Politicians step in to end ‘reckless’ initiate deaths

IN DANGER Initiates are seen smeared with white clay on their faces, covered in red and white blankets, during a initiation ritual. This year’s death and casualty count is on the rise, forcing government to take a stand. Picture: Leon Sadiki
IN DANGER Initiates are seen smeared with white clay on their faces, covered in red and white blankets, during a initiation ritual. This year’s death and casualty count is on the rise, forcing government to take a stand. Picture: Leon Sadiki

Eastern Cape leaders have called on stakeholders to join hands to avoid making initiation a death sentence

With initiate deaths rising dramatically only halfway through the summer initiation season, two prominent political leaders in the Eastern Cape have entered the fray in denouncing unnecessary deaths in the province as the number of deceased has reached 19.

Mamkeli Ngam, provincial spokesperson for the department of cooperative governance and traditional affairs in the Eastern Cape, has confirmed that 19 initiates have died so far this season, and 12 bogus iingcibi (traditional surgeons) have been arrested.

Last year, at least 17 abakhwetha (initiates) died during the summer initiation season, making this summer season worse than the previous one.

This season, most initiates reportedly died due to dehydration owing to hot temperatures and being deprived of drinking water at amabhoma (initiation schools).

The latest figures take the number of initiates who have died nationally to 23, as two initiates also died in North West and another two in the Western Cape.

ANC provincial chairperson Oscar Mabuyane has called on all stakeholders to join hands in addressing the scourge and avoid making initiation a death sentence.

“Losing lives from the initiation schools is another bad thing that continues to haunt us as a province. We have lost a number of young initiates this season alone, who had gone through circumcision for them to undergo the passage into manhood.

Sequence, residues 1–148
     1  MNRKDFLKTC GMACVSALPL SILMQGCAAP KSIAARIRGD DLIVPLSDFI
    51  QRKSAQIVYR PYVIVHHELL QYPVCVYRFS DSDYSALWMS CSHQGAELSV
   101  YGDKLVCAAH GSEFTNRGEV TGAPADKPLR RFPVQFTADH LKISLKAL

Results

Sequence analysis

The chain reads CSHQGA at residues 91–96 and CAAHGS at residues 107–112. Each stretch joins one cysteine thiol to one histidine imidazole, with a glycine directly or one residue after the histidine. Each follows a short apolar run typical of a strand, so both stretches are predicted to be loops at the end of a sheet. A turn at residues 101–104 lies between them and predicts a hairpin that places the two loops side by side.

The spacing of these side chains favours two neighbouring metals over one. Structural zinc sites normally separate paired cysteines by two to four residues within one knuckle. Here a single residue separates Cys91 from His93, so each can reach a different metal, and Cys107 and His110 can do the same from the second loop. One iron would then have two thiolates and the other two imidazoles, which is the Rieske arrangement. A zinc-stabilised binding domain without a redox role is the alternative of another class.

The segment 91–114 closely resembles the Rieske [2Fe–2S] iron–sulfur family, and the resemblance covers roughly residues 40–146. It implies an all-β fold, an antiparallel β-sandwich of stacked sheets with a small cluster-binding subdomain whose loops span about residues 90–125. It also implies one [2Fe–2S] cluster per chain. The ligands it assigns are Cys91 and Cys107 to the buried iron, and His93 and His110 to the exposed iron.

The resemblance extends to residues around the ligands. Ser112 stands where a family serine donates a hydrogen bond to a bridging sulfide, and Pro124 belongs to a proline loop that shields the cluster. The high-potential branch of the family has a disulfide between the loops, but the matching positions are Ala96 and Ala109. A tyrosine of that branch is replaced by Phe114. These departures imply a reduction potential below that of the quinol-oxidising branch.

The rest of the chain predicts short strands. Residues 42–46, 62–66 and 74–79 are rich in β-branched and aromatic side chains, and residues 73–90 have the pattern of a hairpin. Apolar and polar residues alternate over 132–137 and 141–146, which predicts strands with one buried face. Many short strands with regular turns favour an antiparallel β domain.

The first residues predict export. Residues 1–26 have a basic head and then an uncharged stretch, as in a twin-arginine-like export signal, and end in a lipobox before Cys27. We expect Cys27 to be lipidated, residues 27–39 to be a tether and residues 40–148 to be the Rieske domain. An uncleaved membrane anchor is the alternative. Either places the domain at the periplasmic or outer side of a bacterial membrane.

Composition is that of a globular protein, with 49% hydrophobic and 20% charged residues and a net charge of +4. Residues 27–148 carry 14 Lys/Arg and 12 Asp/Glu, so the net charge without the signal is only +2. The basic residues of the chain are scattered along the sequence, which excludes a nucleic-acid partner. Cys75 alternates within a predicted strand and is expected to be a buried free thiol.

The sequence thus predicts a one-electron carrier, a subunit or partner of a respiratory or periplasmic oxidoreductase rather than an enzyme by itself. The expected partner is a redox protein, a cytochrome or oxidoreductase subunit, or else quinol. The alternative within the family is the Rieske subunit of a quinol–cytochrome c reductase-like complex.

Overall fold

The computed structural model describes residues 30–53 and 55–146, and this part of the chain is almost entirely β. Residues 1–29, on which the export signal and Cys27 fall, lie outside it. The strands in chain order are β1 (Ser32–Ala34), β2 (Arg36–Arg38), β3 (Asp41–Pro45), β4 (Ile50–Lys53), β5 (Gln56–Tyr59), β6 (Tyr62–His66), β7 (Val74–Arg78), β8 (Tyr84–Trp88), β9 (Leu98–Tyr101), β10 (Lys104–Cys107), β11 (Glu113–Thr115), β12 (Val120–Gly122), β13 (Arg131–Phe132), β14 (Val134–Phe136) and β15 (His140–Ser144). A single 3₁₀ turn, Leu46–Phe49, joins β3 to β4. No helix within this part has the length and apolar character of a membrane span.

“It cannot be right that when they are there they die. No parent [wants to] give birth to a child and look after a child for 18 years, only to lose that child within a few days. It can’t be right. No child should lose life simply because they are dehydrated,” he said.

Mabuyane said conducive environments should be created for initiates who have undergone traditional initiation to be able to cope.

He said to protect the culture of traditional initiation it was important not to mess with the tradition by being reckless.

“This ritual [of traditional initiation] is important to us. It is important to our people here [in the Eastern Cape] in general. Let’s protect it. Let us not make it a death sentence, so that our young chaps don’t have two minds when they are supposed to go through this.

“We should not experience this kind of ambivalence about this. It must be done, but it must be done responsibly. All those that are involved – communities, parents, traditional leaders and government – must join efforts to stop these deaths,” Mabuyane said.

He said government alone cannot succeed on the issue and needs all the help from the rest of society to make a meaningful impact.